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Nisky compromise

Sidewalk along Consaul Road to be completed

Monday, November 12, 2012
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Nisky compromise


Oakmont Road resident Jim Sefcik looks at the abrupt end to the sidewalk along Consaul Road in Niskayuna.
Photographer: Peter R. Barber
Oakmont Road resident Jim Sefcik looks at the abrupt end to the sidewalk along Consaul Road in Niskayuna.

— A compromise has been reached between the town of Niskayuna and a homeowner’s association over completion of a portion of sidewalk along busy Consaul Road, officials said.

The agreement calls for the association to pay for the materials for the project, at a cost of about $5,000, and the town to provide labor to do the work.

The deal gets the sidewalk in line to be built as soon as possible, but also leaves open the possibility of reimbursement, Town Supervisor Joe Landry said, should the town recover money from the developer who was supposed to build the sidewalk but never did.

James F. Sefcik, president of the Hummingbird Manor Homeowners Association, had pressed for the sidewalk in a series of e-mails earlier this year as part of a longer-term effort to get the walkway built.

He credited Town Board member Denise Murphy McGraw with suggesting the deal. He said he jumped at it, noting the association had already budgeted the amount in anticipation of such a compromise.

“I think it’s in the best interests of everybody to get it down before the snow flies this year,” Sefcik said. “It will make it safer for everyone.”

The section at issue is on the north side of Consaul Road, between Oakmont Street and a dead-end section of sidewalk leading out of the Hannaford Plaza.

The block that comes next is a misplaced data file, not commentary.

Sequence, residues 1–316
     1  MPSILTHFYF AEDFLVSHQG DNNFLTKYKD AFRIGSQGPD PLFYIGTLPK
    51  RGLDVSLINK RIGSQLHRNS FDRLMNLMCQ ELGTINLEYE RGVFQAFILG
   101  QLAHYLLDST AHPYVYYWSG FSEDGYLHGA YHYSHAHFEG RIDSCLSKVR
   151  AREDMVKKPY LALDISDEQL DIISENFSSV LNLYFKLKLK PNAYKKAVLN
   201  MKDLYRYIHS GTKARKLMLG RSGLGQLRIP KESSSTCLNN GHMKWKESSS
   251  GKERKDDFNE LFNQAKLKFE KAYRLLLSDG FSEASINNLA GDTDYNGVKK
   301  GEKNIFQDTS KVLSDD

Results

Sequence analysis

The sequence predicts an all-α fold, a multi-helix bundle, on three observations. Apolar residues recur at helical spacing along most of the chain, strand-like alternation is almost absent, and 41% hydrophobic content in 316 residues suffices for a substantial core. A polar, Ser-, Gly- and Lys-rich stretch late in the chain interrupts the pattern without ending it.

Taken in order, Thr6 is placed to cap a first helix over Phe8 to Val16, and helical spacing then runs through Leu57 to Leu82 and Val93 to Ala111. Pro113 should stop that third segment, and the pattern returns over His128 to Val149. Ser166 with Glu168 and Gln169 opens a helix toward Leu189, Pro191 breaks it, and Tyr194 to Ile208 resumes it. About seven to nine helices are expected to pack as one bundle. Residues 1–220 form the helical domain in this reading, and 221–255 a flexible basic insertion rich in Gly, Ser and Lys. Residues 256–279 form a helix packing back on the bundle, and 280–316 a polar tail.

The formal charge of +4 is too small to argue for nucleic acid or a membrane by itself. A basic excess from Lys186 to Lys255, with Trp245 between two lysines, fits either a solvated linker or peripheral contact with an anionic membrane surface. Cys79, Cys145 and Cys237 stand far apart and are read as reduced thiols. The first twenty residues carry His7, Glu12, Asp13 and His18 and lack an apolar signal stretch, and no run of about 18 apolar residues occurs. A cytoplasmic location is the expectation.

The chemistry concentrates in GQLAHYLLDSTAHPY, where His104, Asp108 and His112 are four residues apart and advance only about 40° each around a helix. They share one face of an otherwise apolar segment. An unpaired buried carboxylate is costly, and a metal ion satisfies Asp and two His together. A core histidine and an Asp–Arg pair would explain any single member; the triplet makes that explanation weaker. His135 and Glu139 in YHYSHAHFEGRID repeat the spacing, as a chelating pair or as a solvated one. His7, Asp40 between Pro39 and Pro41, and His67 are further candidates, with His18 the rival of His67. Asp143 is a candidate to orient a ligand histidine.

Many in the Hummingbird Manor development are older and walk to the nearby Hannaford. But that has been made difficult, if not impossible, without a sidewalk, especially in the wintertime, Sefcik has said.

The town had already been working on the issue in the courts. The town filed a lawsuit in October 2011 against CW Custom Builders and four individuals connected to the company.

The lawsuit cites the history of the project, which got its initial approvals in 2001. It was then deemed substantially complete by July 2008.

As conditions on the initial approvals, though, the sidewalk was to be built and the town’s Becker Street wastewater pump station was to be upgraded. Neither condition was met, according to the suit.

The town has a default judgment in the case, Landry said, and is now trying to enforce it. The deal to get the sidewalk in place won’t impact those efforts, he said.

The entire section of sidewalk is expected to cost about $15,000. The town is purchasing the materials for about $5,000 and will be reimbursed by the homeowner’s association, which would have to pay more if it bought the materials itself. Town employees will provide about $10,000 worth of labor building the sidewalks.

“It turns out they were willing to meet us halfway,” McGraw said. “They were willing to pay for part of it.”

At a committee meeting Friday, the issue with the sidewalk led to discussion of ensuring developers comply with the terms of their agreements.

The town has used more weapons in recent years, officials said, to keep developers accountable, including holding letters of credit to fund the projects and holding permits until the agreed-upon pieces are put in.

Sefcik said he is just pleased the sidewalk issue will now soon be resolved.

“I’m just happy it looks like it will be over and done with,” he said.

 
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